A tale traversing time, “Resurrectionists” #1 introduces readers to a group of people with the ability, whether known or unknown to them, to experience their lives both past and future. It’s a solid concept surrounding a modern day heist story and delivers just what a reader would want in a first issue.
Fred Van Lente is an industry veteran and knows how to craft a first issue. Outside a major corporation, a woman in a black catsuit displays the ability to call back several past lives and their inherent abilities when taking down the swarm of security guards protecting the building. The reader is given a tease of what these powers look like when harnessed properly, while Van Lente leaves an ominous feeling over that scene, then shifts the story to another character just discovering these abilities for the first time. The action continues moving forward in both the past and the present as both Jericho and the reader discover how these powers manifest for the first time. The story itself is straightforward, which allows the reader to focus on the characters and get to know them before the plot turns happen. It will be interesting to find out just why these abilities manifest when they do — is it age? External triggers? Perhaps a specific even in a previous life? And what would happen if multiple previous lives tried to reach forward? Or what happens if Jericho experiences multiple past lives at once? What happens if a future life of Jericho tries to access him? The reader is shown that more than one can be accessed in the present, if Jericho can’t yet handle that will he overload? How other Resurrectionists react when confronted with one another is another avenue that will be fun to explore.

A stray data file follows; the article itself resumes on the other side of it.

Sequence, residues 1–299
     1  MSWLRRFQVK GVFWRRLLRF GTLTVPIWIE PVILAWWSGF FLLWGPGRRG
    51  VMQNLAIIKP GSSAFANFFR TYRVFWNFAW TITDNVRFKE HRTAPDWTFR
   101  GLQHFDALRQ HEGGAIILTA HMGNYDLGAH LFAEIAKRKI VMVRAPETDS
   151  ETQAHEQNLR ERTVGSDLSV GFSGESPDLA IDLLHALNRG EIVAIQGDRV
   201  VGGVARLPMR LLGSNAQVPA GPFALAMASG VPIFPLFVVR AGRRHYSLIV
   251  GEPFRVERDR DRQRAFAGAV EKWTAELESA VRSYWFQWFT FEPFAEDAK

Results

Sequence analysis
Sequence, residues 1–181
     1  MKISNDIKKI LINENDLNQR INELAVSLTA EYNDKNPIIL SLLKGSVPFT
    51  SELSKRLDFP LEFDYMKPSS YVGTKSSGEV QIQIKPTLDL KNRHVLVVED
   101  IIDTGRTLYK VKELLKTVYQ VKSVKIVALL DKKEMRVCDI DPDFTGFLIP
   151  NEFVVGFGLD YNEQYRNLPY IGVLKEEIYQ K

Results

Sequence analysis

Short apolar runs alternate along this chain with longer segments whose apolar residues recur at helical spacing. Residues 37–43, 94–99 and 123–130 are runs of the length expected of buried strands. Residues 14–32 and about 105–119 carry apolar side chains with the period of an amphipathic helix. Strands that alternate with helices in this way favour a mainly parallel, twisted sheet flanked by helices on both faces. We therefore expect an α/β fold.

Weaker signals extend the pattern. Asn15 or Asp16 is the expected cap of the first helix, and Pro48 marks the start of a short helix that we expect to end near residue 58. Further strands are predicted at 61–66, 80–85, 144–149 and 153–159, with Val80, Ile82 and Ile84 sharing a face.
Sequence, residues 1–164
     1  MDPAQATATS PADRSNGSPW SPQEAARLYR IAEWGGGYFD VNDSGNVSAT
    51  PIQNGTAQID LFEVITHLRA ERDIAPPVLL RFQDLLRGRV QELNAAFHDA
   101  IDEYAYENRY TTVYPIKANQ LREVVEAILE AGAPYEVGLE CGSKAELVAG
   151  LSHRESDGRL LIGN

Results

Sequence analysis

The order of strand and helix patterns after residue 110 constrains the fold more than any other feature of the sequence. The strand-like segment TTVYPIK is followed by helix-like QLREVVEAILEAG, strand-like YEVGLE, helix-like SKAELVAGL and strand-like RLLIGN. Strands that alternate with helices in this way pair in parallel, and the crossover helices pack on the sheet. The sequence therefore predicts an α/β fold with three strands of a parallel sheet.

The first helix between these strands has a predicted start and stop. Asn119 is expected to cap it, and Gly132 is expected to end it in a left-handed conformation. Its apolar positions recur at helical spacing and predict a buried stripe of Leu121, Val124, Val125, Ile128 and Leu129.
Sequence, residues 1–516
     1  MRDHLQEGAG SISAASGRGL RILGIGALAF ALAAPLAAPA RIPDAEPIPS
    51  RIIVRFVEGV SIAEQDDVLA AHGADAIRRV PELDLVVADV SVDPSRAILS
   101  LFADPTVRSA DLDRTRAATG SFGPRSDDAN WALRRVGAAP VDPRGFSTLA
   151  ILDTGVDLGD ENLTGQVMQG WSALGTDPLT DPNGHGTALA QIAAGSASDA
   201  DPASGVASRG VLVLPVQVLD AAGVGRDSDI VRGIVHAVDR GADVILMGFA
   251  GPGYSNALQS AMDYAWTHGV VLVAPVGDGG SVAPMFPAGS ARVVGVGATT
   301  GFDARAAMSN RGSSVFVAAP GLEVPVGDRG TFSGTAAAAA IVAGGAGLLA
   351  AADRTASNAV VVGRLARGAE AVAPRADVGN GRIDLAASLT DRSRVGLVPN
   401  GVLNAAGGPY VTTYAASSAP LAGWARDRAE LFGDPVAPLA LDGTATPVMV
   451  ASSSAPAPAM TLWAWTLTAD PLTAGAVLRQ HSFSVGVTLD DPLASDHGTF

Maurizio Rosenzweig provides fluid cartooning throughout. The panel layouts are smart and the action is clean and easily distinguishable. There isn’t much change in style or coloring as the story bounces from era to era. The character renderings become more defined as the story moves forward but this looks more like the artist becoming comfortable with the characters rather than a specific choice, and may have more to do with Rosenzweig and inker Moreno Dinisio falling into sync as a team. The characters’ eyes are all very expressive regardless of the page, which helps raise the stakes and drama of the script. The colors service the scene at hand and almost serve as the soundtrack to the action being experienced. Nate Piekos provides lettering for the book and his choices are odd. Word balloons have some ribbon-like tails that pull attention away from the art and the letters themselves are reminiscent of fonts that Marvel would use for feral characters in the late ’90s. They seem like arbitrary decisions in this issue, but perhaps serve a greater purpose to the story down the road.
This is a fun concept that clearly leaves the reader with many questions and possibilities surrounding it. As more of Ressurectionists are discovered it will be interesting to see how they affect not only the present moment of the story but the past and the future as well.